I aint no high speed, door kicking, ground pounding, smooth operator; but how is the medium ruck too small? Don’t get me wrong, I am all about new gear that improves previous gear; but the medium ruck was created as a 3 day pack since the small Molle was not usable as a 3 day pack. The large Molle was created to carry a person’s main load. As I understand it, this is an alternate for the large Molle in the airborne community and, consequently, just happens to be smaller. I think the roles of all the Molle bags are being confused.

      The medium ruck is just fine for the purpose it was created for.

      • Cpt obvious says:

        @GAND!S you missed the main purpose of this ruck. Its not made for normal soldiers. Its primarily for the airborne or ranger community as mentioned. Yes eventually normal units can order them if allowed. Which im sure they will want to(cuz they wanna feel special too). This ruck is made for paratroopers who need a ruck specially designed for airborne operations. Rig/derig fast, actually travel far with a ruck, carry a sh!tload of weight (cuz yeah I’ve seen my samoan soldier drop of a plane with a ruck weighin over 115lbs. I have the proto of this as is hella much more comfortable than the molle ii, which i also like. Hell. I plan to keep the demo to use for hunting in the future. Dont hate a ruck that is not designed for YOU(LEG). Its designed for us(airborne).

  2. Dev says:

    This still uses the 1606 frame?

  3. Eddie says:

    Still not going to stop ALICE packs from being around 100 years from now.

  4. Maroon Beret says:

    I heard the USAF is getting their own version with wheels, a handle, an internal teddy bear pocket, an external sippy cup holder, with color choice of fuchsia, teal, and day glo orange. The version for C-130 pilots will have a add-on MOLLE pocket for a bridal gown, or to stash their testicles. I was hoping they would have given them an eyeglass pouch instead so they can carry glasses to see the DZ.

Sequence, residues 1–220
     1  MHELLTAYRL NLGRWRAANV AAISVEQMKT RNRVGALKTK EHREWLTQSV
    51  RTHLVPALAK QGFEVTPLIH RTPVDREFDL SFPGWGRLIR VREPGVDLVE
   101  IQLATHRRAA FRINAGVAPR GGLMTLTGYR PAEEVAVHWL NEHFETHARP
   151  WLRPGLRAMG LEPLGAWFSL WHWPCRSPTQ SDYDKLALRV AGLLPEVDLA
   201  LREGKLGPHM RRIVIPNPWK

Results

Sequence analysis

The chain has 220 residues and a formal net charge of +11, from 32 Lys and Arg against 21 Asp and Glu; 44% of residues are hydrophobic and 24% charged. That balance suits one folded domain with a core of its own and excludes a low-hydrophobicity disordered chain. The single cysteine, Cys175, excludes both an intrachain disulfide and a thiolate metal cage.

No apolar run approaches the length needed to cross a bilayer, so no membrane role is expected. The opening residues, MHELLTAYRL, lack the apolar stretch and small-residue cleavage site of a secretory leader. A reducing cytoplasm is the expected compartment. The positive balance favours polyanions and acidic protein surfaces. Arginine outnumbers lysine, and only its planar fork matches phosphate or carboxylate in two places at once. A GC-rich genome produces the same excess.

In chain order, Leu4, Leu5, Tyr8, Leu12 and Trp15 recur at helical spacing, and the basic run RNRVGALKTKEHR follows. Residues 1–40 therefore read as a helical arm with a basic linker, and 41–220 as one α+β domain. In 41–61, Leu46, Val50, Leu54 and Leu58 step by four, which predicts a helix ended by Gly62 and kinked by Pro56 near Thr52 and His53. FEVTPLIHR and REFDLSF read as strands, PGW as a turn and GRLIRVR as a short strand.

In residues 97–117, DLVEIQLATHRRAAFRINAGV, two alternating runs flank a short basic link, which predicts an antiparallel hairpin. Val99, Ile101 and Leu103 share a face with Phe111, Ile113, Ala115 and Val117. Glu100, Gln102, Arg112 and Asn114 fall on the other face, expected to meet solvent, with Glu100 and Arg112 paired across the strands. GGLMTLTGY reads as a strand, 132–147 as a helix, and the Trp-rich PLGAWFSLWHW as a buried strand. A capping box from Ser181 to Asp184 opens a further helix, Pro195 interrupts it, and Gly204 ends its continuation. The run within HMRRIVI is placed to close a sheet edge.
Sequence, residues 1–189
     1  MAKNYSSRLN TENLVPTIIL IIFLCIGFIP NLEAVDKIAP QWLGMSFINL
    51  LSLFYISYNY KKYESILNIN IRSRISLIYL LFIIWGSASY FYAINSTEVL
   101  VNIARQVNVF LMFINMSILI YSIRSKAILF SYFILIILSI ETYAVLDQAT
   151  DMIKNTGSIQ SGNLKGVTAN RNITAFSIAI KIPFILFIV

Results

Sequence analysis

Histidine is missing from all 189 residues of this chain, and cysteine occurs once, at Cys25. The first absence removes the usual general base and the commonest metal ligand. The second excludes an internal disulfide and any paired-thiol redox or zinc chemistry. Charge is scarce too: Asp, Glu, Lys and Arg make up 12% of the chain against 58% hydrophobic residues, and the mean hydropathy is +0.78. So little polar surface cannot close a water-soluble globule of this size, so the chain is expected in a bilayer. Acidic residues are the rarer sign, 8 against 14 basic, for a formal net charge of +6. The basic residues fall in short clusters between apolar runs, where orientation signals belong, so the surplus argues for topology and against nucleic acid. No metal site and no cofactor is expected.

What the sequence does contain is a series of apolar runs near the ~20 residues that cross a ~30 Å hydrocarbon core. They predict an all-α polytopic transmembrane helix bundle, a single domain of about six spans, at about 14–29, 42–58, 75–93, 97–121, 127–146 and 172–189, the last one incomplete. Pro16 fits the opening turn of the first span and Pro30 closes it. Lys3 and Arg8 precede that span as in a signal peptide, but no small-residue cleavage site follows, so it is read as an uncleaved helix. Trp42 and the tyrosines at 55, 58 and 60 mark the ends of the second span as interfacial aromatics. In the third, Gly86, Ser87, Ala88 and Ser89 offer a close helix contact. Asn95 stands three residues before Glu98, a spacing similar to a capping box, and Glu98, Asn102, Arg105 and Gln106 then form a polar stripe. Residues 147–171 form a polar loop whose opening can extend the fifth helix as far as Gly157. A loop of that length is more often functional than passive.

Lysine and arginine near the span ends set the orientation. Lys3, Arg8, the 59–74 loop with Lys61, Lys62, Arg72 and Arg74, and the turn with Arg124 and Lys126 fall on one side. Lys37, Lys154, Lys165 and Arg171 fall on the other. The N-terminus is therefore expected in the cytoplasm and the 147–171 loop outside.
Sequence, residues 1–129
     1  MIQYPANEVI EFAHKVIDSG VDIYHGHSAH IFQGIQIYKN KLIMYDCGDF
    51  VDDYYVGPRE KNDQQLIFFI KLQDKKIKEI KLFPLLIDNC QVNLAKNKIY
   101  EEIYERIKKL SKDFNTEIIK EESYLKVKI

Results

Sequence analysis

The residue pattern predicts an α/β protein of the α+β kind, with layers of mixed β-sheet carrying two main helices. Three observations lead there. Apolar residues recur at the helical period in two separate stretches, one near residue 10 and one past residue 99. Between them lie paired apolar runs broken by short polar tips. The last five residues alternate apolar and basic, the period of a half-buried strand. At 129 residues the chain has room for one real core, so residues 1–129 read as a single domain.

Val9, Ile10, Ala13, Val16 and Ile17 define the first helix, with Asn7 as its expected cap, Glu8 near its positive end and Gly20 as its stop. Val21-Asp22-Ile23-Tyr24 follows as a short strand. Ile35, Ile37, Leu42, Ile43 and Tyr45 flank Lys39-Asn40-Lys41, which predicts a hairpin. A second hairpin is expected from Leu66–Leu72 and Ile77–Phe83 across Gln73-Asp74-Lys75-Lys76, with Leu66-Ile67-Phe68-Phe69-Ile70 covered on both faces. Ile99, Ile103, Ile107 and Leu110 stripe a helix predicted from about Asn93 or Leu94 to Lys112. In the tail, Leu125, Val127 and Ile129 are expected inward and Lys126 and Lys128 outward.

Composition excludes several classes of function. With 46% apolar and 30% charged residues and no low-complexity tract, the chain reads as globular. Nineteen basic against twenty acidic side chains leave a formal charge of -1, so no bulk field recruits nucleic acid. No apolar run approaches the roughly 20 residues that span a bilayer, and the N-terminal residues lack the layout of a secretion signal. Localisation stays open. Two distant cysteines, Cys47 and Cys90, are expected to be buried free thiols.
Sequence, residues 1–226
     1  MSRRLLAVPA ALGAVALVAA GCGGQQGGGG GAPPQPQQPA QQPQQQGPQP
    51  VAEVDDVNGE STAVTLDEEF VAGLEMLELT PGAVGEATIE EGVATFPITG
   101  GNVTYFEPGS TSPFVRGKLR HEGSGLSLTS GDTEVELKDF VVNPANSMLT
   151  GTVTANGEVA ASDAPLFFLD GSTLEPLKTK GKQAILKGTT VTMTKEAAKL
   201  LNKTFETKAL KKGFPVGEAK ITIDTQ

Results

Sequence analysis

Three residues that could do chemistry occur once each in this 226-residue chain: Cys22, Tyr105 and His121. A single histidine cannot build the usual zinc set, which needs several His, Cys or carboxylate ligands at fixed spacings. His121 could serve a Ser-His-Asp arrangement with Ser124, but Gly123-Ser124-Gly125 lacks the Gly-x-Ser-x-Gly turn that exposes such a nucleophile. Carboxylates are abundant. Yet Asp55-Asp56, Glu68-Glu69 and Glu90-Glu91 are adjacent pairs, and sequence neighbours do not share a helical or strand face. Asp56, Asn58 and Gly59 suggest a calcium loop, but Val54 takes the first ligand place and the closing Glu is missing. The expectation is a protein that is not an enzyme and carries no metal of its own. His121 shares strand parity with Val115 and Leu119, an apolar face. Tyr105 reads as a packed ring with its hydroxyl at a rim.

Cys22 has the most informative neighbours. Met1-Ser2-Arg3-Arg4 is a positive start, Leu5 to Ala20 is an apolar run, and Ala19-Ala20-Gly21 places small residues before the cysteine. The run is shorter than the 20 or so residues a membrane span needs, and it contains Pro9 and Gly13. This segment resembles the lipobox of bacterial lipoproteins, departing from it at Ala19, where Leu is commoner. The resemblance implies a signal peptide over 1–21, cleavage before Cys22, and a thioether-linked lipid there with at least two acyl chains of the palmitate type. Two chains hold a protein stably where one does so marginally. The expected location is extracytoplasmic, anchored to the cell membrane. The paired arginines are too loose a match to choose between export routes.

5. SPEC9 says:

    The pack still seems too tall. Shorter troopers may have issues when rigged for jumping. That waist belt sure looks like it would get in the way of other load carrying gear. Got any other pictures of the pack’s frame, suspension system, interior?

    • arche says:

      You’re onto something. A minimum height standard for all USDOD combat arms MOS, say 5’10”, would solve several problems.

      • Yawnz says:

        And would probably open up others, namely getting people to fill those MOS slots in the first place.

      • Che Guevara's Open Chest Wound says:

        No one less than 5’10”? I’d bet Leonard Funk, Audie Murphy and Roy Benavidez would love to hear you pontificate on how they’re too short for the Infantry.

        • Eddie says:

          Probably the same kind of guys who think fat kids can’t play football. Tsk tsk.

        • Kirk says:

          It would probably turn up some interesting questions, were we actually to look into a lot of this crap. I’d love to know, for example, just how many big guys get permanently broken and unserviceable before they hit the ten-year mark in combat arms, and why it is that I noticed so many short wiry dudes who were really prevalent in the SF community at around the 20-year mark…

          Long-term? I bet there’s some interesting data out there about just how much size and weight cost, in terms of VA benefits and health care. The smaller guys may be a better bargain, in terms of longevity and health.

          Of course, since we don’t look at this stuff, we’ll never know…

          I’d love to see the Army and Marines do some real research in this field, starting with a recruit class, and then following it up through the course of however many of them make careers of it. There are probably a lot of folks who wind up broken before the ten-year mark, and whose breakage could probably be ascribed to poor gear, or a combination of that and bad genetics. I don’t think we really have a good handle on what makes for a good career soldier, at all.

          And, we damn sure should, by this point. Our recruiting and selection efforts ought to be based on that, too.

  6. Wraith11B says:

    So, when are they going to be able to use the waist belt? We didn’t get to at Infantry OSUT, and I never used one when I was in the field… so…

  7. Redbeard says:

    I checked this out while in development. It is incredibly burly, with heavy fabric and a reinforced plastic frame. It should hold up well. It was heavy and overbuilt, but way better than the ALICE and will probably suits basic airborne needs.

  8. Something says: